Does OxiClean Actually Work?

Your go-to shirt is looking dull even when it's freshly laundered. Is it headed for the rag pile or can you brighten it up? They are your favorite tan pants, but the greasy pizza you just dropped on them (cheese-side down, of course) left a stain you fear isn't coming out. Your daughter's dance jacket is donned after a half-dozen sweaty classes each week. Will the smell ever go away?

You have heard that OxiClean can tackle stains, odors, and dinginess, but does it actually work? It seems a little too good to be true, particularly when you have tried other products. (You may even have a shelf full of them sitting on, around, or above your washing machine.) Experts break down the chemistry behind the powdered laundry booster to determine if the products, about 30 in all that range from the original powder versions to spot stain sprays, achieve the magical results they claim. Your Best Digs plunged in to the murky waters of stain removal with a lengthy study and product testing. They worked on four common stain producers: wine, coffee, chocolate, and ink. OxiClean was put to the test against tough competitors.

What makes OxiClean work?

So just what is in OxiClean that gives it power over stains, odor, and general griminess? Love to Know reminds us that the actual complete chemical makeup of the product is kept under wraps. Digging around on the web offers a few clues, however, since the secret formula is not publicly available. According to The Art of Doing Stuff, sodium percarbonate is the ingredient that enables OxiClean to lift the stains and brighten clothes like a boss. It has the oxidizing properties of hydrogen peroxide, which react with the organic compounds that exist in the stains.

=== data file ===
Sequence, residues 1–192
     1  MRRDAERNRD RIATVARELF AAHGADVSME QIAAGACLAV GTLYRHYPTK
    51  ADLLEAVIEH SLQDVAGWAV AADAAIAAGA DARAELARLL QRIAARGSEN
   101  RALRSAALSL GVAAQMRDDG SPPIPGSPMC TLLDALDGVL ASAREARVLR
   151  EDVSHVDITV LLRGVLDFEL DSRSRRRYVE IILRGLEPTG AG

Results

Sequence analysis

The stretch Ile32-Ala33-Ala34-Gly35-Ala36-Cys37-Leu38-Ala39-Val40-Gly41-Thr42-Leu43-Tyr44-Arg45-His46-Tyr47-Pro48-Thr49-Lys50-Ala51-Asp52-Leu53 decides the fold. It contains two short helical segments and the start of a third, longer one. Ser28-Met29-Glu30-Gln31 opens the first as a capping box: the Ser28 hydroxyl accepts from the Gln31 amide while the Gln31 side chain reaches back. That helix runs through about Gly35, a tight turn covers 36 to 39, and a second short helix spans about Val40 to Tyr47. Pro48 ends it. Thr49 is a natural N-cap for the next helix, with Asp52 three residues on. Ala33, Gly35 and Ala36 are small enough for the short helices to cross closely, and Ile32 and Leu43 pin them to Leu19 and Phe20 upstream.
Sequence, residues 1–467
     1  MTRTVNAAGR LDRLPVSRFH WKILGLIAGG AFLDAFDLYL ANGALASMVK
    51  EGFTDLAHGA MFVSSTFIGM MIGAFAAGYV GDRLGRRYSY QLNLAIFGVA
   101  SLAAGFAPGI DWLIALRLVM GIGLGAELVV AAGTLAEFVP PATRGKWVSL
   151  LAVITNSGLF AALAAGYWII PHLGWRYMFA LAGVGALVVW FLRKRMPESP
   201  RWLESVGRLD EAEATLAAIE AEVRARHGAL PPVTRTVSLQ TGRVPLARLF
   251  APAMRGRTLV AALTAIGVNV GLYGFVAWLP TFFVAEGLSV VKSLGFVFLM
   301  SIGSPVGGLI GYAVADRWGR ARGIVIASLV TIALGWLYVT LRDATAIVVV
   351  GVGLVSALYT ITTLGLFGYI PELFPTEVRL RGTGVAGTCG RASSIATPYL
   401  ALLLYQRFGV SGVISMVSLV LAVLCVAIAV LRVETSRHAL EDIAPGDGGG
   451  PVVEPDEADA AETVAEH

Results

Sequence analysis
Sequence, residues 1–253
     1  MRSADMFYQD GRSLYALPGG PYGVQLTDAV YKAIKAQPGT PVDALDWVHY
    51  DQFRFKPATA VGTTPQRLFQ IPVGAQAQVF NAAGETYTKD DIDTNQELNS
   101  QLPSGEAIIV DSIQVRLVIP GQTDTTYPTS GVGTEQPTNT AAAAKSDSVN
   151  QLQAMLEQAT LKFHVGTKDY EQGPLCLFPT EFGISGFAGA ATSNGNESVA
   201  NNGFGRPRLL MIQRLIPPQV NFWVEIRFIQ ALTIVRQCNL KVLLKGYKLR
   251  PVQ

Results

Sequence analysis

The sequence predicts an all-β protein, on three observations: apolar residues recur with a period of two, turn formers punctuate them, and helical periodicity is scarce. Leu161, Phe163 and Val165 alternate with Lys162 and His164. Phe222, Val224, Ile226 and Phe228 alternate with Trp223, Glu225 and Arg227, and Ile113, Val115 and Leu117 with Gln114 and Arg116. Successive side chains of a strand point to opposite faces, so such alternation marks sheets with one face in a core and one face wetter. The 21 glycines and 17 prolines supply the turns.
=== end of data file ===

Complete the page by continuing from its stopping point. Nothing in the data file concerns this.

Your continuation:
We do know some of what is found inside the tub of OxiClean. With its main ingredient of sodium percarbonate, the laundry booster does not pose any environmental concerns, so says The Chemistry Store. They add that it is a color-safe product (so go ahead and try it out on your dayglo pink top) and that it works in many different water temperatures. The sodium percarbonate in OxiClean needs just two hours to work, but it will remain stable for up to six hours before dissipating.

OxiClean battles big stain producers

OxiClean tackles the kinds of stains we all dread. The Spruce narrowed their investigation to OxiClean's Revive product, which claims to remove stains and brighten clothing, in turn pushing aside your scary bottle of chlorine bleach that has ruined more than its share of clothes. The Spruce tested stain-causing substances that are universal, like grass and mud, and included ones like dreadful yellow mustard and greasy butter. Since OxiClean can be used both as a pre-soak and in the washing machine with your regular laundry, The Spruce evaluated both methods.

The results showed a clear connection between stain removal and OxiClean when the presoaking method was used. They determined that all the stains were less noticeable just by laundering in warm water, laundry detergent, and OxiClean. When they presoaked, however, all traces of the stains except for two disappeared; the grass and mud stains appeared to need additional attention, but the stains were very faint.

Success like that makes one want to see what else OxiClean can tackle. Money Talks News praised its work on tile grout while Clean My Space points to the disinfecting and cleaning properties that make garbage bins more tolerable. In the end, however, the good work that OxiClean does on our dance jackets, tan pants, and favorite going-out-for-pizza shirts is enough to keep it prominently on that shelf above the washing machine.